Bats Gets SEC Approval to Create Second U.S. Exchange
Bats Global Markets said it received Securities and Exchange Commission approval to start its second U.S. stock exchange as the company seeks to expand its share of equities trading.
Bats plans to open the platform, the 12th U.S. stock exchange, in October, according to a statement. Bats Y-Exchange, or BYX, may help the company better compete with NYSE Euronext, Nasdaq OMX Group Inc. and Direct Edge Holdings LLC, all of which operate at least two equity markets in the U.S.
Stock markets are fighting for business by introducing multiple venues, letting them experiment with pricing systems and techniques for matching orders to lure more traders. Exchange operators with more than one platform can attract different kinds of brokers and asset managers through rebates and fees, which have provided incentives to help keep U.S. markets liquid since stocks began trading in penny increments last decade.
“There will be fewer exchange companies with more medallions,” or trading licenses, said Larry Tabb, founder and chief executive officer of New York-based research firm Tabb Group LLC. Exchange companies want to use the same technology and data centers to operate multiple venues at a lower overall cost and employ those platforms to “cater to different types of traders,” he said.
Bats, based in Kansas City, Missouri, began trading stocks in 2006 and accounts for 11 percent of U.S. equity volume, the company said. It runs a U.S. options exchange and Bats Europe, a London-based trading venue. That market transacts more than 5 percent of European equities, Bats said in its statement.
The company hasn’t announced its pricing plan for BYX. The current Bats exchange pays firms that send bids and offers to the venue 24 cents for every 100 shares bought or sold. Investors who trade against those bids and offers are charged 25 cents, giving the exchange a 1-cent profit. The system is similar to fees at Nasdaq Stock Market and NYSE Arca.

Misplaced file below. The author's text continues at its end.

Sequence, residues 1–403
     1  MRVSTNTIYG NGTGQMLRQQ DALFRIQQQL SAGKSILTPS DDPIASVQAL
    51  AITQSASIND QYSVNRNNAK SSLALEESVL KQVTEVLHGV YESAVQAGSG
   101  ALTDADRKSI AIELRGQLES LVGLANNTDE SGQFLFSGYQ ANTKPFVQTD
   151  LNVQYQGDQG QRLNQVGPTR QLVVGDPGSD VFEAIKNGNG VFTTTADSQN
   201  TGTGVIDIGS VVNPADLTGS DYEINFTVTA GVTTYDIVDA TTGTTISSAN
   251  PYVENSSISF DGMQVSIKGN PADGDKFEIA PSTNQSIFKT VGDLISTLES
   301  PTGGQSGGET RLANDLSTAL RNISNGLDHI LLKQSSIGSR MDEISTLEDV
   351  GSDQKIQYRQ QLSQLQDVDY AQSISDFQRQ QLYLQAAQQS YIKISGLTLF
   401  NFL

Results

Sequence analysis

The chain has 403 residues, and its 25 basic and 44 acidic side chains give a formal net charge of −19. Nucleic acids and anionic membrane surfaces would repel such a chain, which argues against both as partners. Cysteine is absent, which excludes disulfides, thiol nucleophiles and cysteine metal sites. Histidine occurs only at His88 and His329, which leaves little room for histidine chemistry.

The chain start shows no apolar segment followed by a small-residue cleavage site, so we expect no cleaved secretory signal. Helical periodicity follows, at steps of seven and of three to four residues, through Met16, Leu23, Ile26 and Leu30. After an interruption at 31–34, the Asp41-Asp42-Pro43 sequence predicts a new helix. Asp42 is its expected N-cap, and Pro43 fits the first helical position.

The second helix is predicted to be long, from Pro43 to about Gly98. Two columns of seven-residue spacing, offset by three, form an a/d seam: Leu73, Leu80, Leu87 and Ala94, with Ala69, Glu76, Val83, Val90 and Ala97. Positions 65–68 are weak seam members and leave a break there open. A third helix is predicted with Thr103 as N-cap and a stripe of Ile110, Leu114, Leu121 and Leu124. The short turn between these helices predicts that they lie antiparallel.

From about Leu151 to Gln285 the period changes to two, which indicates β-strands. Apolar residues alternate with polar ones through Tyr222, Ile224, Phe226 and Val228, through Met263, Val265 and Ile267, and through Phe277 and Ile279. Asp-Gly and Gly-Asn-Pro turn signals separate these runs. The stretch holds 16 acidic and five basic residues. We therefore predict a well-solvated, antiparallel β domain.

Equity exchanges instituted fees and rebates in the last decade to attract brokerages whose traditional way of making money, capturing the spread between bid and ask prices, was squeezed as increments narrowed to pennies. The model, maker- taker pricing, usually rewards brokers and investors who put requests to buy and sell shares in an exchange’s book and charges those who execute against them.
When multiple exchanges are quoting the best prices to buy and sell stocks, fees are a key consideration compelling brokers to send orders to a particular market. Other factors include how quickly the order is likely to be filled and how much liquidity is available at the best price on that venue.
Nasdaq OMX, based in New York, and Direct Edge Holdings LLC of Jersey City, New Jersey, also run venues aimed at discount brokers, whose customers are often individual investors, and firms handling orders from mutual funds and asset managers. Some of those brokers don’t want to pay higher fees to trade and prefer executing on venues with lower charges or rebates.
Instead of paying liquidity providers, platforms such as Direct Edge’s EDGA Exchange and Nasdaq OMX BX pay brokerages who execute against bids and offers already on their books. Market makers are willing to provide those bids and offers because they consider orders from those firms less likely to be part of predatory trading strategies. The two exchanges have also been favored by firms trading lower-priced stocks where a 1-cent spread is a larger percentage of the share price.
“BYX gives us a sandbox to try new things on a stock-by- stock basis,” Chris Isaacson, chief operating officer of Bats, said in a February interview. “The percentage of trading in low-priced stocks on lower-priced venues is disproportionately higher.” He said at the time that BYX pricing was likely to appeal to firms that don’t want to pay 25 cents to “take liquidity,” particularly for less-expensive stocks.
Bats is owned by a consortium including Bank of America Corp., Citigroup Inc., Credit Suisse Group AG, Deutsche Bank AG, Getco LLC, JPMorgan Chase & Co., the estate of Lehman Brothers Holdings Inc., Lime Brokerage LLC, Morgan Stanley, Tradebot Systems Inc. and Wedbush Morgan Securities.
The SEC isn’t likely to halt the creation of new venues by existing exchange operators competing with one another, Tabb said. While the SEC may prefer fewer liquidity pools in the U.S., “we haven’t seen them move in that direction yet and that would be a substantial change for the SEC,” he said.